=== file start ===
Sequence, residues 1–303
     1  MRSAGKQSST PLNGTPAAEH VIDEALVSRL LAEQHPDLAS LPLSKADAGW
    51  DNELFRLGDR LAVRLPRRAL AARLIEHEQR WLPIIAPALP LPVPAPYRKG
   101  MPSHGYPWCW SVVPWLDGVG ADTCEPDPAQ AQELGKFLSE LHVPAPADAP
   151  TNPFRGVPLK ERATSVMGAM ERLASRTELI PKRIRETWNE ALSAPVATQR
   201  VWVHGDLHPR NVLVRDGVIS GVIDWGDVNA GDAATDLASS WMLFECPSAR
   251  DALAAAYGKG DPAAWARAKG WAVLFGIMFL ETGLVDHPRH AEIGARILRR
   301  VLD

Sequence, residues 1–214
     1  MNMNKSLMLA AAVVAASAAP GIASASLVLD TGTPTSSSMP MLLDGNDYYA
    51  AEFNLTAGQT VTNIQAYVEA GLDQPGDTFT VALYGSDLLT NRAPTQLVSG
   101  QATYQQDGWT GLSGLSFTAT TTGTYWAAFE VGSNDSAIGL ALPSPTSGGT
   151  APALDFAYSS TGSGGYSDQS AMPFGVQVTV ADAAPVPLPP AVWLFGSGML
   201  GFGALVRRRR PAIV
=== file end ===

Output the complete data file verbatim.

Sequence, residues 1–303
     1  MRSAGKQSST PLNGTPAAEH VIDEALVSRL LAEQHPDLAS LPLSKADAGW
    51  DNELFRLGDR LAVRLPRRAL AARLIEHEQR WLPIIAPALP LPVPAPYRKG
   101  MPSHGYPWCW SVVPWLDGVG ADTCEPDPAQ AQELGKFLSE LHVPAPADAP
   151  TNPFRGVPLK ERATSVMGAM ERLASRTELI PKRIRETWNE ALSAPVATQR
   201  VWVHGDLHPR NVLVRDGVIS GVIDWGDVNA GDAATDLASS WMLFECPSAR
   251  DALAAAYGKG DPAAWARAKG WAVLFGIMFL ETGLVDHPRH AEIGARILRR
   301  VLD

Sequence, residues 1–214
     1  MNMNKSLMLA AAVVAASAAP GIASASLVLD TGTPTSSSMP MLLDGNDYYA
    51  AEFNLTAGQT VTNIQAYVEA GLDQPGDTFT VALYGSDLLT NRAPTQLVSG
   101  QATYQQDGWT GLSGLSFTAT TTGTYWAAFE VGSNDSAIGL ALPSPTSGGT
   151  APALDFAYSS TGSGGYSDQS AMPFGVQVTV ADAAPVPLPP AVWLFGSGML
   201  GFGALVRRRR PAIV